Economic mobilization has the potential to bring change in North Korea as much as revolutions, and understanding how people mobilize and utilize space economically leads us to realize that social changes are already at work in North Korea, and that harsh economic sanctions are potentially not the best policy. Instead, the latter should be partnered with an informal engagement with the North Korean people, and more funding for the civil society organizations that are trying to do so.
In fact, transnational North Korean black market activities are already establishing a form of quiet encroachment, an everyday resistance towards the illiberal totalitarian state. Civilians perform their economic empowerment in forms that challenge and, at the same time, support the weak economic structure of the state and its repressive means through trade, information smuggling, bribes and illegal border-crossing.
According to Hyun Ok Pak (2015), North Korea’s economy is (unconsciously) dominated by capitalist market strategies. Capitalism and monetary exchange practices found their way as a counterbalance to famine shortages, and the state encouraged self-help when it could not support the people with its own structure of food rations and reallocation.
These trading activities are becoming ways of quiet resistance of people in an authoritarian regime. As the well-known NGO Liberty In North Korea (LINK) states, we have to think about “People over Politics”.
Resistance in an authoritative regime
In authoritarian regimes, state repression capacity restricts the scope of opportunities for mobilization. Studying how people mobilize in illiberal states comes back to the need to analyze the consciousness of the people, in an attempt to measure the level of official submission and hidden thought of resistance. But it is quite difficult to do so.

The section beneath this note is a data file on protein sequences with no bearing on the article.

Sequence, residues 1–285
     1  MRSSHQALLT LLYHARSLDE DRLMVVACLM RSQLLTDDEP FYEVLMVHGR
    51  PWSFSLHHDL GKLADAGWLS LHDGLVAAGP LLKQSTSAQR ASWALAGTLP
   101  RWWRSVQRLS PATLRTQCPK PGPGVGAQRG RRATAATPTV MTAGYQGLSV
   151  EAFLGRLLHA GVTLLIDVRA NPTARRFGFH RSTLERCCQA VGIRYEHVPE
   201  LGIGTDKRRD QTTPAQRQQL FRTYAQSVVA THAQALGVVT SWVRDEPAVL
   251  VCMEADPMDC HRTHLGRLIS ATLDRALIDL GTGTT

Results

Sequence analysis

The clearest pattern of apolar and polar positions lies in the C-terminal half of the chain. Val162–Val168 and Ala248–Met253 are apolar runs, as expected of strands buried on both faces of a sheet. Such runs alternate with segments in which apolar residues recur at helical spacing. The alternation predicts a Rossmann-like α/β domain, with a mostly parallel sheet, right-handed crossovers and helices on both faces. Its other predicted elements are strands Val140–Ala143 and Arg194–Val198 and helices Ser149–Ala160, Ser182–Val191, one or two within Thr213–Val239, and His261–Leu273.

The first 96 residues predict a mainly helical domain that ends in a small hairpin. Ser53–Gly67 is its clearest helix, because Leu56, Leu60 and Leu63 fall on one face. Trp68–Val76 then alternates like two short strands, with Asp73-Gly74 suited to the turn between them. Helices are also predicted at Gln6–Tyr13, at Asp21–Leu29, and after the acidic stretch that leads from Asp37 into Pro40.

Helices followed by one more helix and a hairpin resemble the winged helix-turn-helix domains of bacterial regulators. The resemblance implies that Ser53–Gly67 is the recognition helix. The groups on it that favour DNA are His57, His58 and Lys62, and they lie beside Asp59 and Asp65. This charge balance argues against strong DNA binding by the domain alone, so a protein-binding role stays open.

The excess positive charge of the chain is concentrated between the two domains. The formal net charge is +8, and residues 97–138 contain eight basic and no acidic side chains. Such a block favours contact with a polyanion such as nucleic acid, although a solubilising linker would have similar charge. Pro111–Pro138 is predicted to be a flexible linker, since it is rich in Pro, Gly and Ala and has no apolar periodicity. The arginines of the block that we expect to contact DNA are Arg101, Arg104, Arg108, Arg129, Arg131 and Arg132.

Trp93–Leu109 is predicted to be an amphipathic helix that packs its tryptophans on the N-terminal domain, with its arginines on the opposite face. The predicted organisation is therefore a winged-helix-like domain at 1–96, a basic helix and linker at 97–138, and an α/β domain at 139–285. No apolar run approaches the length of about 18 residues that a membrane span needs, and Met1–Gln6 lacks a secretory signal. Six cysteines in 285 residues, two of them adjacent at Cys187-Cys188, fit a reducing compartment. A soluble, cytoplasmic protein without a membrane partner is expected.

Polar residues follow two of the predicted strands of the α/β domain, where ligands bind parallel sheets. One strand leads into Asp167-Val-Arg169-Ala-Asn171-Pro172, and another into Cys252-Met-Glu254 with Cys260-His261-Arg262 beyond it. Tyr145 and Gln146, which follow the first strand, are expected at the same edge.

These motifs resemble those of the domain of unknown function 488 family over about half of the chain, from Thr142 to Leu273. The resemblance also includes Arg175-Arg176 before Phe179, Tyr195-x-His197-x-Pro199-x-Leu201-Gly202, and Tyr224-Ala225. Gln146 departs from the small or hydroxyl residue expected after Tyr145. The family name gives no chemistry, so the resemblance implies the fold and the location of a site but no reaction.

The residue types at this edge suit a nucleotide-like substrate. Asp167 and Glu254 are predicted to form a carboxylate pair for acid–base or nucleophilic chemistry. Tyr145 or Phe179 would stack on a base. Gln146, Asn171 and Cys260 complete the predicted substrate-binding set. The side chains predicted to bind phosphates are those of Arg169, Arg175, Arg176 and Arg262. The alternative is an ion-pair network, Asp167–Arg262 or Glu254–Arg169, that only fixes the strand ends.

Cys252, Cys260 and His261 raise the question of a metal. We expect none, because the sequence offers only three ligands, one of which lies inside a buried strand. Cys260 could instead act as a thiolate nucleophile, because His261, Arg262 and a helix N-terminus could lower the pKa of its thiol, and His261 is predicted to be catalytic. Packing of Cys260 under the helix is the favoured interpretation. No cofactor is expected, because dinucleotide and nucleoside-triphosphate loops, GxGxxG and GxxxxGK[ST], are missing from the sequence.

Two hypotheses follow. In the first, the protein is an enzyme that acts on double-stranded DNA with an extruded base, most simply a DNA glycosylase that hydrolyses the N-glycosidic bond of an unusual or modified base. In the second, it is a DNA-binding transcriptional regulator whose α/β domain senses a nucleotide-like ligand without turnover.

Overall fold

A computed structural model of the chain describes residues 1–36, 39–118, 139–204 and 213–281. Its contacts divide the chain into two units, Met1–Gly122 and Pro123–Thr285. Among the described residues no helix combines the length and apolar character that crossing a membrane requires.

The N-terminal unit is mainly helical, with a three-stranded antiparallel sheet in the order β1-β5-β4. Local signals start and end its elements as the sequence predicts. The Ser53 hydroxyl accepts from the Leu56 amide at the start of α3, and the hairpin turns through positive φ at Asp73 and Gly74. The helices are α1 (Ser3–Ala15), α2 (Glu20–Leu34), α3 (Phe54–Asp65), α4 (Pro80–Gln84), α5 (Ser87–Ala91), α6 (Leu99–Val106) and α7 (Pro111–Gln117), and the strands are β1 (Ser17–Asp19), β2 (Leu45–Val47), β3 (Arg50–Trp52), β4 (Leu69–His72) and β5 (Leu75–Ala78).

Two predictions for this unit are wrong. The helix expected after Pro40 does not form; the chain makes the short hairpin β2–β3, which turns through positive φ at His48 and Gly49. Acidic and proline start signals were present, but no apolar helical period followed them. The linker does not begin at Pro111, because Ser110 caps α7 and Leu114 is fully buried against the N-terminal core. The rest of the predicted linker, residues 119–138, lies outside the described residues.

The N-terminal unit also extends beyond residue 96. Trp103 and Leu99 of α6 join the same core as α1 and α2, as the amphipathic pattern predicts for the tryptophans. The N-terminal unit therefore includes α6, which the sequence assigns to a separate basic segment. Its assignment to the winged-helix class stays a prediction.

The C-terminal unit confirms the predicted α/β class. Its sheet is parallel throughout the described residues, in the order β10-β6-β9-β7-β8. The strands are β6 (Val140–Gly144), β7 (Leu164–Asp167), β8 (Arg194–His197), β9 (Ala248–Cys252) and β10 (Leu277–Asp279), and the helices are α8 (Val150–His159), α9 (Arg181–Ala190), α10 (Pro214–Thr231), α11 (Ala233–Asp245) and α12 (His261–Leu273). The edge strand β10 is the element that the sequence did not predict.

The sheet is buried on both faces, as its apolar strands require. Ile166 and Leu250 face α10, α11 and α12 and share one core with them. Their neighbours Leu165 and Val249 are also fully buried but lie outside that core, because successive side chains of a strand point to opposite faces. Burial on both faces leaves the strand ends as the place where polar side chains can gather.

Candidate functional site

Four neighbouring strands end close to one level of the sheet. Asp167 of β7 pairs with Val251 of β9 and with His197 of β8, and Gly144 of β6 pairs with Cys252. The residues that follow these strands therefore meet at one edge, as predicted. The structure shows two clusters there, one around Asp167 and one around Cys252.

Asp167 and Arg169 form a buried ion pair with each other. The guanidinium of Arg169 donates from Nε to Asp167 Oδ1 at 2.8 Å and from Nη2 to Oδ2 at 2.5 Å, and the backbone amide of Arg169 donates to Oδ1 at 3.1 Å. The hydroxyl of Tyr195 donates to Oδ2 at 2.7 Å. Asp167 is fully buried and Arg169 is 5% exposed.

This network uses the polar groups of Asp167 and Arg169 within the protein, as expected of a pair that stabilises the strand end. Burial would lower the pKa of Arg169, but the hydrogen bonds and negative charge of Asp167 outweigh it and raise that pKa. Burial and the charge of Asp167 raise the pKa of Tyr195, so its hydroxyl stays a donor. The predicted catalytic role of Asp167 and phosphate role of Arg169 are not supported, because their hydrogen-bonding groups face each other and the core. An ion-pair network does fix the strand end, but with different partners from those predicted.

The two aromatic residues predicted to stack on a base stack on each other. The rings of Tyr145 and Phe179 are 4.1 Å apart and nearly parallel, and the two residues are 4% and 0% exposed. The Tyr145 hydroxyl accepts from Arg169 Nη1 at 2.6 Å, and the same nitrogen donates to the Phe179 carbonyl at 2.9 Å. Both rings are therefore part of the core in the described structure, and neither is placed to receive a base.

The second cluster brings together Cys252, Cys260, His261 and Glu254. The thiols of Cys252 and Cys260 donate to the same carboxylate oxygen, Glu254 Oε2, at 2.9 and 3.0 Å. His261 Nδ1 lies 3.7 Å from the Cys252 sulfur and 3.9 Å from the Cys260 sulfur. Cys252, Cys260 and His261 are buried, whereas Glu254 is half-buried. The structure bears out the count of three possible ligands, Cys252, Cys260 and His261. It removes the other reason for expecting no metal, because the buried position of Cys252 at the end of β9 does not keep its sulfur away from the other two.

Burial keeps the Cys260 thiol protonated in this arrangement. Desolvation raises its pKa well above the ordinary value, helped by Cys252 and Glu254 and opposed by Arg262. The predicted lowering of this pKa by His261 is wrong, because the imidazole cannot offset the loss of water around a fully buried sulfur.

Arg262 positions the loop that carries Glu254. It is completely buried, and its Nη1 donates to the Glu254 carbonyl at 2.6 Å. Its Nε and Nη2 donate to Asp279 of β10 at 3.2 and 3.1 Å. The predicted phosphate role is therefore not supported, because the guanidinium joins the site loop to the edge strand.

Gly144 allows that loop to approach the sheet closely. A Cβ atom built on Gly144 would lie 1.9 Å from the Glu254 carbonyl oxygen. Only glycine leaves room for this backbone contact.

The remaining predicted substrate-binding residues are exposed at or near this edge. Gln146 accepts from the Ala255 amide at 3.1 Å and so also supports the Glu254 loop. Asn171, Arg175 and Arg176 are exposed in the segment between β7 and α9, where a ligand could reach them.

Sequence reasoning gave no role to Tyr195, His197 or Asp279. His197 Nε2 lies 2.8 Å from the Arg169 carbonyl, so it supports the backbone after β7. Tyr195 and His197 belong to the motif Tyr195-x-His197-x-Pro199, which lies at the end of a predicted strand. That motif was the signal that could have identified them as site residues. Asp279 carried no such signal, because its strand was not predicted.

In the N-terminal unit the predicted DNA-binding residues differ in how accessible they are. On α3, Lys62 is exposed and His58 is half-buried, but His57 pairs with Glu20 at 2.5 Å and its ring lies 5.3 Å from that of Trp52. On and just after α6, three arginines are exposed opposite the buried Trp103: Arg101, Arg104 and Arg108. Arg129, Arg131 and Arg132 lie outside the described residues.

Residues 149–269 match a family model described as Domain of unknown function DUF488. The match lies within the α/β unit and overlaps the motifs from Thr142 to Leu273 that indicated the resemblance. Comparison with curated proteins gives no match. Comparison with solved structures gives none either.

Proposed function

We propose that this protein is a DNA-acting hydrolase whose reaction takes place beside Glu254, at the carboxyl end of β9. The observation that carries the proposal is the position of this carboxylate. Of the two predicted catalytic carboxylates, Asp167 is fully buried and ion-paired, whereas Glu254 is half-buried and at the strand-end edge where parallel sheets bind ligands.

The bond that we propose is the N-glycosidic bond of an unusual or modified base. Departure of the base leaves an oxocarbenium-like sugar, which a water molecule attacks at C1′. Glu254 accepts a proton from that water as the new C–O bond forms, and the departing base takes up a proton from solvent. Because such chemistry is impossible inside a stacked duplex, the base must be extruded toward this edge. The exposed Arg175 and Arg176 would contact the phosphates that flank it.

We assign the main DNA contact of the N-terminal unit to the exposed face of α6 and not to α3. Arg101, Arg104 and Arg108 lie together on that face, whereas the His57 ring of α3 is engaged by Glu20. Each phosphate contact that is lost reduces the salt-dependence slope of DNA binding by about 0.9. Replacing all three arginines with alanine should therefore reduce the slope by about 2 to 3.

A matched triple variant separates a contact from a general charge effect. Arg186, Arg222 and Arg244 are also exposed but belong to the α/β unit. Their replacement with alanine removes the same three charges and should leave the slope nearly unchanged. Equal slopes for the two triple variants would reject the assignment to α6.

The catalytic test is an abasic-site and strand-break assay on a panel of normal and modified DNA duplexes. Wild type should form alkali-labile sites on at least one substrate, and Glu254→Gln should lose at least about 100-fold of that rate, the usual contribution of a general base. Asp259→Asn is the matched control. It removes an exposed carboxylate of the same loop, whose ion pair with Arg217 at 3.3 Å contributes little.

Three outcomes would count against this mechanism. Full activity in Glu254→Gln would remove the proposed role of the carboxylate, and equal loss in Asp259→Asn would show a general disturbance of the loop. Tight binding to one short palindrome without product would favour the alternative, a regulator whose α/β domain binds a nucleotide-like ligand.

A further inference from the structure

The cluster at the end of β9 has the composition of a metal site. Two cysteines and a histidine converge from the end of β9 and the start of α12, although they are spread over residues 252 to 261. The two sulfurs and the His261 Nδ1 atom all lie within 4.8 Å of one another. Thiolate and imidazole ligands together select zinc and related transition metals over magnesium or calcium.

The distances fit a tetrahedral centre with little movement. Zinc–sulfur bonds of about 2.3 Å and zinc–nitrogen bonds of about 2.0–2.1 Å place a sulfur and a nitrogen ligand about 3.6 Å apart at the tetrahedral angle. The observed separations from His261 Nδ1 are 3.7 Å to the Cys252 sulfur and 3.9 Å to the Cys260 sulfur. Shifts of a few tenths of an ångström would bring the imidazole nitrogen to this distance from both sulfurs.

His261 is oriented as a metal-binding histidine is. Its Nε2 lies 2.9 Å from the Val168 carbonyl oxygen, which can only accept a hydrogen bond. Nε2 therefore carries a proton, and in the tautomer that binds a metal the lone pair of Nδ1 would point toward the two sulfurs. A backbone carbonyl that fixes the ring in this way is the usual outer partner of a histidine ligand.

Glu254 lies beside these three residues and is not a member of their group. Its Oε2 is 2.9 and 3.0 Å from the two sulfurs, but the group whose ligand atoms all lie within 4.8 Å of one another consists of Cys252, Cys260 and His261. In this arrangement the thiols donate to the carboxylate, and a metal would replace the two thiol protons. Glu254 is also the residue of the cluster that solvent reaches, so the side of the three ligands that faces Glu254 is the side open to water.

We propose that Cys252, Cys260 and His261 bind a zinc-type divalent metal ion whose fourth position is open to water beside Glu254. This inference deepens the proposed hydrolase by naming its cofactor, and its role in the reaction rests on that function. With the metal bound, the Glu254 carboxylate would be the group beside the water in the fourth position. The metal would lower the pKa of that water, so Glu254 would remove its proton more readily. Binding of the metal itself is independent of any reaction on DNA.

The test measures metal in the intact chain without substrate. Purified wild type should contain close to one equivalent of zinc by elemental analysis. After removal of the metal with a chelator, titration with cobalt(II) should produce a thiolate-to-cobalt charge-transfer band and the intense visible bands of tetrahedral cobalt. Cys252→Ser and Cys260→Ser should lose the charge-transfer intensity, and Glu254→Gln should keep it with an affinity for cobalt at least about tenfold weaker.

Instead, a closer look at the surveillance capacity and repression machine of the state is an important contextual component to understanding how people perform economic activities, and if they do mobilize in an overt or covert manner.
If a central state lacks full control capacity on regional structures, as in the case of decentralized North Korea, state failure creates spaces for the mobilization of key economic actors.
The decline in state services usually becomes the trigger for market-based activities flowing from a general impoverishment of the population. People’s everyday resistance through economic opportunities would actually embrace the elite’s capacity to create clientelist networks and therefore participate in social changes from a top-down perspective.
However, this is not the primary work of the elite, but adapts to an ongoing bottom-up phenomenon transcending political classes.
It’s not black or white
In practice, class division in North Korea is not so much a dichotomy between weak peasants/urban workers and powerful elite/officials, as social relations in North Korea are enhanced by the ability of individuals to create networks and possess marketable goods, blurring the line between elite officials and the populace.
Why is that?
Looking closely at the regional and sociopolitical disparities of the so-called “subordinate” class, one analyst ends up including administrative officials, army representatives, urban workers citizens, farmers, peasants, and politically hostile classes. In reality, the citizens do not relate to their hierarchical class status in society, but do relate through the opportunity that market gains can bring them.
According to Hazel Smith, a North Korea expert, geographical borders, level of agricultural sufficiency, and communication routes become key variables in the creation of market opportunities for North Korean people. For example, the tight control of the state on agricultural production redistribution from the province of South Hamgyong to Pyongyang, offer few non-state-sanctioned opportunities to buy and sell food, and be in contact with foreign traders. North Hamgyong County’s geographical situation, however, was ideal to such market opportunities thanks to its porous and unmilitarized border with China, and its difficult transportation access to and from Pyongyang.